If you knew it was written in your genes that you were a candidate for a heart attack, would you change your lifestyle to foil your genetic destiny?
Well, the Finns would. A study by Finnish researchers has found that telling people how their genes might increase the risk of a heart attack or stroke in the next 10 years encouraged 90% of people to adopt healthier habits.
Quick and cheap genetic testing could help diagnose and treat diseases but also motivate people to prevent them by changing for the better.
And this approach gets more dramatic results out of those who are already at risk from being obese or having a high cholesterol level.
In the 18-month trial with 7,328 participants, 17% of smokers successfully quit (compared to 4% in the general population), and 13.7% lost weight and kept it off.
“As many as 40% of participants with a high risk of cardiovascular disease were smokers at the start of the study so these results are encouraging,” said the study’s lead author, Dr Elisabeth Widen from the University of Helsinki.
She said the genetic information was “particularly motivating”, adding: “Many of the participants already knew they had high levels of cholesterol, but it was receiving information on their personal genetic risk that triggered changes.”
The Estonian government is trialling genetic testing of 100,000 citizens, around 10% of its population, to offer health and lifestyle advice following the success of the Finnish programme.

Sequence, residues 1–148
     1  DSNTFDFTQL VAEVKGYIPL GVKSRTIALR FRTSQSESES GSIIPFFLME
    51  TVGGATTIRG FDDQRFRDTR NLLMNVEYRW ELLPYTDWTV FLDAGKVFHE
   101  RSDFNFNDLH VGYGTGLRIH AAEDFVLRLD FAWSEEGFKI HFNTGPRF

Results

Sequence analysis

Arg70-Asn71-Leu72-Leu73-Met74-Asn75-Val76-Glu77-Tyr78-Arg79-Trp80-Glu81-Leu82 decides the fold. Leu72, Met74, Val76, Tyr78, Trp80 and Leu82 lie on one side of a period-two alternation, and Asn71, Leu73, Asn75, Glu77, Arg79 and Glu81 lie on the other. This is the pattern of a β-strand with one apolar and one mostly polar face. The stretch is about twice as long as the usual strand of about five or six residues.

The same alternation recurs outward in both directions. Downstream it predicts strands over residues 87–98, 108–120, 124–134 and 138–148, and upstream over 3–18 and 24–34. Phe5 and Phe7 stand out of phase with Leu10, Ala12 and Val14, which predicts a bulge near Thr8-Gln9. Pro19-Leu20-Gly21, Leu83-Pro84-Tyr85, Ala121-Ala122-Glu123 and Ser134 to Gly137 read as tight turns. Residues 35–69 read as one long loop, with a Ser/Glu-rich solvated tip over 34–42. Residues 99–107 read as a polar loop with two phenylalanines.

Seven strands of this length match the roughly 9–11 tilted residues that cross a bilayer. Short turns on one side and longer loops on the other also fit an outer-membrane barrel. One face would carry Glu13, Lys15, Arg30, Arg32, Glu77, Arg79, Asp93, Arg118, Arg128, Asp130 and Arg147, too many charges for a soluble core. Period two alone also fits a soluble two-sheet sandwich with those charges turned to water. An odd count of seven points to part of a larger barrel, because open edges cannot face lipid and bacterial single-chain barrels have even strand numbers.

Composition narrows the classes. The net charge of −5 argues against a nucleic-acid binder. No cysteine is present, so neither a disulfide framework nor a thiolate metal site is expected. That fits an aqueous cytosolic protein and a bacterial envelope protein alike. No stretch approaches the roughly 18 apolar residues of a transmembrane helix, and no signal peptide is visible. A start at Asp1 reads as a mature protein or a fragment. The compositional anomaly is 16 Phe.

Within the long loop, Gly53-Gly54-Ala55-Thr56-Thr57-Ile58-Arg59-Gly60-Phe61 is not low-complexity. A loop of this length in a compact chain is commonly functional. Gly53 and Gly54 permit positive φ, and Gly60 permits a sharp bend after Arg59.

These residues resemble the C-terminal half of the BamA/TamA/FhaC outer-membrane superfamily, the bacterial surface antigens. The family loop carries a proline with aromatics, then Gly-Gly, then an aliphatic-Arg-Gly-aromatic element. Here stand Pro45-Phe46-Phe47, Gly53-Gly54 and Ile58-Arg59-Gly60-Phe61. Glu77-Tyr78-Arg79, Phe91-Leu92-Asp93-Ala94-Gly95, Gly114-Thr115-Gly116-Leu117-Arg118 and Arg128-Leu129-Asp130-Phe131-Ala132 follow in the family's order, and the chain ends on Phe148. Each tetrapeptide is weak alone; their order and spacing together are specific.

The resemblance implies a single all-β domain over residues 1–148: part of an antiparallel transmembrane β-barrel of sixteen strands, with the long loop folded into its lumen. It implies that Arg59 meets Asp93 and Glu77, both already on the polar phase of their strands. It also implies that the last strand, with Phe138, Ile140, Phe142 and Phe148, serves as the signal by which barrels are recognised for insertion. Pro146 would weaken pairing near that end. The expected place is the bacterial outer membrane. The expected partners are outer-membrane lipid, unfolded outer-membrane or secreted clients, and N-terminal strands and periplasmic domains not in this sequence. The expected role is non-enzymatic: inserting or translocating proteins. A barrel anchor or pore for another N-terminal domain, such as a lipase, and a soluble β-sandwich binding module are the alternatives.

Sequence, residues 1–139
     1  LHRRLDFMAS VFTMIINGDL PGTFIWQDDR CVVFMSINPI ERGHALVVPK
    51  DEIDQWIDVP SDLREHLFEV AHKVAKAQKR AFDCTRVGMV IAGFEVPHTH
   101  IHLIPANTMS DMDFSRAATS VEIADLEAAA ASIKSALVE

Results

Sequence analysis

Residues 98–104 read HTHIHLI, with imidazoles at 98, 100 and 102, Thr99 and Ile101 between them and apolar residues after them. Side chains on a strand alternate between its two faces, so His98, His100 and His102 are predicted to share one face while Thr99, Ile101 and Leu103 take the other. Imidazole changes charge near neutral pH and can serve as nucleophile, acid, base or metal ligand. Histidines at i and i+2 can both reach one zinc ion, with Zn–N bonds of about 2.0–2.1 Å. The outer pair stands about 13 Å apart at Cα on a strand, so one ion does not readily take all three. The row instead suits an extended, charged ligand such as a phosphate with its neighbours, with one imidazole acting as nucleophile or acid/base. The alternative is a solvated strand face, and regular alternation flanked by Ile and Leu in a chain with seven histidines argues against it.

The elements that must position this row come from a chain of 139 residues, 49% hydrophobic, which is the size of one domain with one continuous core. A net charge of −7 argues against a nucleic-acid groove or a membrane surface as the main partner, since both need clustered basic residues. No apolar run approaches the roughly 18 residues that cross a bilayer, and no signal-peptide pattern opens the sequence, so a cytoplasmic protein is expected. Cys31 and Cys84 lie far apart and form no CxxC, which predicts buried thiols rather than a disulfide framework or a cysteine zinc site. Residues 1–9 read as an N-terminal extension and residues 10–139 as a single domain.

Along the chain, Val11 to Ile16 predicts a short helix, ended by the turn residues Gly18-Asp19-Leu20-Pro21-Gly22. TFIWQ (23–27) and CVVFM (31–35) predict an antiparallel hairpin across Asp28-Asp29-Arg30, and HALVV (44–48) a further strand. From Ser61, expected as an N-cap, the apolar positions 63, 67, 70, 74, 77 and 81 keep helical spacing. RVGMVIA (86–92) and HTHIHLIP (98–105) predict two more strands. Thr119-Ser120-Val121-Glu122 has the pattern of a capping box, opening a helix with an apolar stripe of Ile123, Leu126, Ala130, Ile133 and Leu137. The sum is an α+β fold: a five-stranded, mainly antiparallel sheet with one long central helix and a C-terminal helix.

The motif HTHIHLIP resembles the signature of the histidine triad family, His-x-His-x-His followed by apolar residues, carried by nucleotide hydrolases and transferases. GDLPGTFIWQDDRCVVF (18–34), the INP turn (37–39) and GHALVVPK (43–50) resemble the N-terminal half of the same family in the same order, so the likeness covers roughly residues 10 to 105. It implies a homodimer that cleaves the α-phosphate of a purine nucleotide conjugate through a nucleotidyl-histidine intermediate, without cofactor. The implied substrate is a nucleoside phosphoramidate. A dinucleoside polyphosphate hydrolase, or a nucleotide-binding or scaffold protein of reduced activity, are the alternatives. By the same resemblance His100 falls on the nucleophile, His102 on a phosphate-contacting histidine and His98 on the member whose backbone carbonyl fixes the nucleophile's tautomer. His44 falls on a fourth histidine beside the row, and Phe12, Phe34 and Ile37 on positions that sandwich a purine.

Dr Widen and her team created a web tool that compares a person’s genetic profile with 49,000 genetic markers already known to be linked to disease, as well as lifestyle risk factors.
The tool, KardioKompassi, then computes a risk score of their chances of developing coronary heart disease. Anyone with an elevated risk is advised to go to a doctor and discuss ways to reduce it.
The results also show those with the highest risk – of 10% or more of a heart attack – were twice as likely to make lifestyle changes in an 18-month period.
“Since they have managed to maintain these changes for one-and-a-half years, we expect them to persist,” Dr Widen said, and they now believe this could be a template for the wider use of disease risk screening in public health.
Professor Joris Veltman, director of the Institute of Genetic Medicine at Newcastle University, said it was “impressive” to see this sort of information being used so effectively.